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Commuter Story: Score one for the cyclist!

by Commute by Bike

From the Surly Blog:

I play this little game while riding to and from work where I memorize the license plate of a passing car. When the next car drives by I memorize that one, and so on and so on. If there is an altercation, I’ve trained myself to look at the license plates first. So rather than use my middle finger to tell somebody how I feel, I can find out where they live based on that license plate and send them a letter of gratitude.

Flashback 10 weeks to Valentines Day in February. I’m riding within the law and hugging the curb as much as I safely can, doing about 20mph down the street, when a car lays on their horn for a good 10 seconds. They pass me, I memorize the license plate, approach them at the red light one block down, and stare into her window. No words said, no middle finger needed, I had her plates.

I “obtain” her name and home address…

read the whole thing…

 
Burley nomad 229

26 Responses to “Commuter Story: Score one for the cyclist!”

  1. Gavin says:

    Seriously not a good idea.

  2. Spenny says:

    Not a good idea is true, BUT that is hilarious!

  3. thePig says:

    I love it and think it was a great idea. No need to get stressed or irate, it was handled in a professional manner (apart from getting the address illegaly) and sure to have a much more lasting impression on Nancy.

  4. Fritz says:

    “Hi Nancy!” Hoo boy.

    Interesting that you can look people up by their license plate there in MN.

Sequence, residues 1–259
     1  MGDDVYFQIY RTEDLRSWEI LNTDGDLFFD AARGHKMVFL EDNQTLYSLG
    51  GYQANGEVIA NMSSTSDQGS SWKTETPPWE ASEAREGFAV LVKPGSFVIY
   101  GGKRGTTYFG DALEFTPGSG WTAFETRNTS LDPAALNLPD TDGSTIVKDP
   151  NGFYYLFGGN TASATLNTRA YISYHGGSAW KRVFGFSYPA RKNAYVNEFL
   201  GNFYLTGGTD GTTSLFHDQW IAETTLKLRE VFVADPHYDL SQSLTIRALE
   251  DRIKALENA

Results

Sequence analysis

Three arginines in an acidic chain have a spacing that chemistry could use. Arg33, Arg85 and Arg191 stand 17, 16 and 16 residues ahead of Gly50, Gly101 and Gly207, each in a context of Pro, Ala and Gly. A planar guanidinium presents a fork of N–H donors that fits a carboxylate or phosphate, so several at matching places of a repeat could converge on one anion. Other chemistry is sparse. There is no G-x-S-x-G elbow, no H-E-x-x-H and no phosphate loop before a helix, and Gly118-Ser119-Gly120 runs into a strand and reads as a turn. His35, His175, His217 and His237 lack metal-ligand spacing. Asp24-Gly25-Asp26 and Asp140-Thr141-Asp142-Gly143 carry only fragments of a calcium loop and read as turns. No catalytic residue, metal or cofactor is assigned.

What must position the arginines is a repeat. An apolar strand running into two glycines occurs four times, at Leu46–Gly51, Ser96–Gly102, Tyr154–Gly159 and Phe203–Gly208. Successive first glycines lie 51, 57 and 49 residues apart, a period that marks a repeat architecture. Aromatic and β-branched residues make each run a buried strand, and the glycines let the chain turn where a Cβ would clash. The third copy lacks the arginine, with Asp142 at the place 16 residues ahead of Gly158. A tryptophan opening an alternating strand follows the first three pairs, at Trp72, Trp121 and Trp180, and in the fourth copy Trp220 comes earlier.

5. Ghost Rider says:

    Hmm…someone’s on “the take” at the DMV. That sorta information (license info) is, most probably, illegal for us mere mortals to access.

    I love “psyops” like that, though — instilling fear is always more effective than anger!

  6. Very funny. I am not sure if it is wise but funny.

  7. Ghost Rider says:

    Hmm…I seem to stand corrected: mere mortals CAN look up license plate ownership, if they’re willing to pay anywhere between $29.00 and $90.00 through a variety of online “net detectives”. Or if they have a friend at the DMV, it’s probably the cost of a six-pack.

  8. Robert says:

    Very funny. I like wearing my helmet cam. When someone behaves badly then I point at the cam and lo and behold their attitude changes.

  9. Bill says:

    Seriously, this is a fantastic idea!

  10. Gavin says:

    Sure, if you want to get arrested for harassment, and in general are a bit of a psycho.

  11. Bill says:

    Am a bit a psycho. But the way he handled it, doesn’t qualify as harassment. The way he got the info MAY be illegal, but the act is not.

  12. Dwainedibbly says:

    Thing is, even after receiving the letter, she STILL honked at him the next time she saw him.

    I recently bought an ATC-2k helmet cam from Nashbar, on sale and with an add’l discount. For $80, it’s a great deal, even if there are updated models coming out.

  13. bikesgonewild says:

    …i think it’s quite ingenious & i say total props…people feel so insulated & in a separate world in their vehicles (unless they think outside the box, quite literally) & this was an opportunity to somewhat level the playing field…sez “you are not hidden away quite as well as you may assume, just because you’re in a car”

    …the woman’s need to regularly honk & lay on her horn while just being in the vicinity of cyclist’s shows (a) how out of touch she is w/ the reality of being exposed as a pedestrian or a cyclist on the street… (b) how unaware she is of distances & proportions & (c) her general inconsideration…she’s not honking to say “excuse me, i’m passing by & i’m concerned for both our sakes”, she’s saying “get out of my way, i’m more important than you”…an occasional horn “tap” is one thing but she sounds like she’s got an agenda based on ignorance…